July 25, 1996


Many people assume that the current House and Senate welfare bills are much more moderate than the welfare bill vetoed in January. There is no question that the welfare bill has been moderated in some areas, such as through the provision of more money for child care. But the new bills are more severe than the vetoed bill in other areas.

A study that the Administration reluctantly released last fall found that last year's bill would add over a million children to the ranks of the poor. That bill included $59 billion in cuts in low-income benefit programs, which were largely responsible for the increase in poverty.

The current bill contains overall reductions as deep or deeper than those in the vetoed welfare conference report. According to the Congressional Budget Office, the vetoed bill contained $59 billion in cuts. CBO has reported that the current House bill contains $62 billion in cuts — $3 billion more than the vetoed bill — while the Senate bill contains $59 billion, the same level as in the bill rejected in January. [1] Without significant moderation in the depth of the cuts, especially as they affect the food stamp program and benefits for legal immigrants, the legislation's impact in increasing the number of poor children will remain very substantial.

The structural changes in the AFDC program are the most radical in the bill, and particularly over the long term, could have a severe impact on the well-being of large numbers of poor children. But most of the cuts actually come from other programs, including the Supplemental Security Income program for the elderly and disabled poor, the food stamp program, and Medicaid. Low-income disabled children, working poor families, the elderly poor, and poor legal immigrants would be among those affected with some severity by the sweeping benefit cuts the legislation contains.

The legislation also fails to provide adequate funding to create the number of work slots the legislation ostensibly calls for. This large funding shortfall increases the likelihood that many families will be cut off public assistance without receiving sufficient aid in moving into employment or being provided a workfare slot.

Food Stamps

The depth of the food stamp cuts is stunning. The House bill cuts food stamps nearly $31 billion over six years, including the food stamp legal immigrant cuts. This is nearly $3 billion more than the food stamp cuts in the welfare bill vetoed in January. (Excluding the immigrant cuts, the House bill's food stamp cuts are $2 billion deeper than those in the vetoed bill.) The Senate bill cuts food stamps as much as the bill vetoed in January — and over $4 billion, or 18 percent, more than the Senate welfare bill of last fall.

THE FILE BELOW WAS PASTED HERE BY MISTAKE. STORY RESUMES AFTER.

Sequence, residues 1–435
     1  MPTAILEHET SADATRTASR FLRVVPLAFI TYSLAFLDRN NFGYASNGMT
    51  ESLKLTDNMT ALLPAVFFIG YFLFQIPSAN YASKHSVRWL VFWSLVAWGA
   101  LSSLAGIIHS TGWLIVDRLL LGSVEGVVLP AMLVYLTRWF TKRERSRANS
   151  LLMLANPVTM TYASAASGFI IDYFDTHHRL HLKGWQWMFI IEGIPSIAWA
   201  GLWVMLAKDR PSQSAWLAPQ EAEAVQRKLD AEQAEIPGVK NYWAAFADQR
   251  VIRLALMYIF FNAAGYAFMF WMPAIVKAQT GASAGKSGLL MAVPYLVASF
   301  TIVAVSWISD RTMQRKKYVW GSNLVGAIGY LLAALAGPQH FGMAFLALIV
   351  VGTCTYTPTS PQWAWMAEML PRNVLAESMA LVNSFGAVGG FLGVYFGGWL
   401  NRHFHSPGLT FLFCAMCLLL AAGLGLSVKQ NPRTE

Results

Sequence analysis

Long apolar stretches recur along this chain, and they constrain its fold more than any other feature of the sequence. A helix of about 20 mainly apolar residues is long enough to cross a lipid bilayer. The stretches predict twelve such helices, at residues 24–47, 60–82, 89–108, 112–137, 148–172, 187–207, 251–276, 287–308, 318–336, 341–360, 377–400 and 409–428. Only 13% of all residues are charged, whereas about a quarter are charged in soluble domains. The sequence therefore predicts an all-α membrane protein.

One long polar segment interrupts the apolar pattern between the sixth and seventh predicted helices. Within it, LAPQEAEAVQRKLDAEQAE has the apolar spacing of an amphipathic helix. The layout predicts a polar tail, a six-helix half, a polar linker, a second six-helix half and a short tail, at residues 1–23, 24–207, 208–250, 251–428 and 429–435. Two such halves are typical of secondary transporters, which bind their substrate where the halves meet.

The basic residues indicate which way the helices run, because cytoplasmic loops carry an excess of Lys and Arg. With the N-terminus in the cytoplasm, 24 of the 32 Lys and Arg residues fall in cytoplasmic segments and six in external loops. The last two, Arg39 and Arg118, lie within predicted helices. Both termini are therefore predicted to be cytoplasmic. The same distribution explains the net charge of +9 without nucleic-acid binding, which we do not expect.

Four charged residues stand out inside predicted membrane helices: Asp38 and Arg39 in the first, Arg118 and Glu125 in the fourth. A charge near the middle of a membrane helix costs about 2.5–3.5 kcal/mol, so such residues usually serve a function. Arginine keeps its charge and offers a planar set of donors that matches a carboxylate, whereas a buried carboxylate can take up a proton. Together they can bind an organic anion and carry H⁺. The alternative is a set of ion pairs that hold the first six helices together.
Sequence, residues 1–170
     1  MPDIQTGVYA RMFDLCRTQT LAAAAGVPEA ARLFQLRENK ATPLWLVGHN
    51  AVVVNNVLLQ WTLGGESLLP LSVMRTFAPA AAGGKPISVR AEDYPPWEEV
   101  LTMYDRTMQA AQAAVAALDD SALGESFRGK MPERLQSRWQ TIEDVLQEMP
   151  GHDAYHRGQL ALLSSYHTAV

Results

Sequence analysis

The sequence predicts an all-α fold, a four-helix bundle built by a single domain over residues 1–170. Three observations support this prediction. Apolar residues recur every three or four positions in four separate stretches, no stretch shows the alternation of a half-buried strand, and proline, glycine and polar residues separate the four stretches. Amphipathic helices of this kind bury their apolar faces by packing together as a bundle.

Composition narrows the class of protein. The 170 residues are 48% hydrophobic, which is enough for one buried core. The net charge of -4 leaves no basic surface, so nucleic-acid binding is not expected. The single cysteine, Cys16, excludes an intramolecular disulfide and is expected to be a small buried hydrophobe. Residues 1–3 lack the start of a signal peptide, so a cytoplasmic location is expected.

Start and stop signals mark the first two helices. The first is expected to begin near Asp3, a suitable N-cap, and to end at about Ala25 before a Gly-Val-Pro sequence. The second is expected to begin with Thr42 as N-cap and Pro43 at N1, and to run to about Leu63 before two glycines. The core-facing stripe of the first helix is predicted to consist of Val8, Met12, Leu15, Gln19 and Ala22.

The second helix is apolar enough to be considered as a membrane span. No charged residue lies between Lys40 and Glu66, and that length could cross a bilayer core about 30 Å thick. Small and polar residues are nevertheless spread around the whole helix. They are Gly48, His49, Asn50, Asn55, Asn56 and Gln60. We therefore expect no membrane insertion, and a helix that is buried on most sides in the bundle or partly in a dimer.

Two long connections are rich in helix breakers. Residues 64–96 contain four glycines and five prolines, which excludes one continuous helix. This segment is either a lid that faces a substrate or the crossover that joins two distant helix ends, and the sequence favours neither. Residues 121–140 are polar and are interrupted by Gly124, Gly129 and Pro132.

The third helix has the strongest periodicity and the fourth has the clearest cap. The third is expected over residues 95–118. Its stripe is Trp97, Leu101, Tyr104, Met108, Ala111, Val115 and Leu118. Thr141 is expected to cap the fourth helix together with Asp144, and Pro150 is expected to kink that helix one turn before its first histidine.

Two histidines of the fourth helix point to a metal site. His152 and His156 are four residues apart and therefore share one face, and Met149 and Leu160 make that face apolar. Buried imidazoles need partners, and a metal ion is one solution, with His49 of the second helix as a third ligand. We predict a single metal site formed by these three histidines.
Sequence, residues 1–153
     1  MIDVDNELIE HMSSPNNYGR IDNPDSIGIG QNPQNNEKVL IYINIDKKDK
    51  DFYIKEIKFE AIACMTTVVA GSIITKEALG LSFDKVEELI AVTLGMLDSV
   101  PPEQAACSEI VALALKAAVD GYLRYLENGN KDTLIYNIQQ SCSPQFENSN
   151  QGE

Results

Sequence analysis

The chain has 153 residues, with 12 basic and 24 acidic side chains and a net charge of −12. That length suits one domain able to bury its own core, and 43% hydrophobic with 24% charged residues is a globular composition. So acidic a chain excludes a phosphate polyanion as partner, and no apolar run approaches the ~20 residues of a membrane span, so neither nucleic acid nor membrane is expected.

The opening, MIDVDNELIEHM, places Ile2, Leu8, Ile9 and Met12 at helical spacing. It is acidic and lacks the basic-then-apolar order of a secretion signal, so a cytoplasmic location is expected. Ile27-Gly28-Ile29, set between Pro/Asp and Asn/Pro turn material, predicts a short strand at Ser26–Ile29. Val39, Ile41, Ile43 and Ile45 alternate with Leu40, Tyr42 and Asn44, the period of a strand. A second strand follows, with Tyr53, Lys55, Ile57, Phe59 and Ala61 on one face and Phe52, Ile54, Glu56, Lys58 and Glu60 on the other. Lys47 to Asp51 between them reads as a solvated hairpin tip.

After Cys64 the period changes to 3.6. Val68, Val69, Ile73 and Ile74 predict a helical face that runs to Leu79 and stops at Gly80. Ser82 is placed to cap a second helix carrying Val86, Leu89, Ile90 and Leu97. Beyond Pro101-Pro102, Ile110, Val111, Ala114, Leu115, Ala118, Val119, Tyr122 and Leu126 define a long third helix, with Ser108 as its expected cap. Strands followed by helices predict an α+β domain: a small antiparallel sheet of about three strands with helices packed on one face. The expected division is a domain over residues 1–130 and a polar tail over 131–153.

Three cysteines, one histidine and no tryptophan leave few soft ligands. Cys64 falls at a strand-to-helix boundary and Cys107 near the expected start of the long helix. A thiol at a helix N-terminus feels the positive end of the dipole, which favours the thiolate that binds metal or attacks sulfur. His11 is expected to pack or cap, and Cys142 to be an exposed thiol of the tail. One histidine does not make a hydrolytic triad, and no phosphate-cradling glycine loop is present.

By 2002, the Senate bill would cut the food stamp program nearly 20 percent — the equivalent of reducing benefits from their current average of 80 cents per person per meal to 66 cents per person per meal. The House bill would cut the program by 22 percent in 2002.

A substantial portion of the food stamp benefit reductions in the bill would come in the form of across-the-board benefit reductions that would affect nearly all recipient households, including families with children, the working poor, the elderly, and the disabled. Only about two percent of the savings in the bill would come from provisions to reduce fraud and abuse, impose tougher penalties on recipients who violate program requirements, or reduce administrative costs.

    Under both the House and Senate bills, households with incomes below half of the poverty line — below $6,250 a year for a family of three — would absorb about half of the food stamp cuts. Families with children would absorb approximately 70 percent of the cuts under the bills.
    The average household with income below half of the poverty line would lose more than $600 a year in food stamp benefits under the Senate bill in 1998 and $760 a year under the House bill. Under both bills, the food stamp cuts grow deeper with each passing year. For example, those below half of the poverty line would lose an average of nearly $1,000 a year in food stamps in 2002 under the House bill.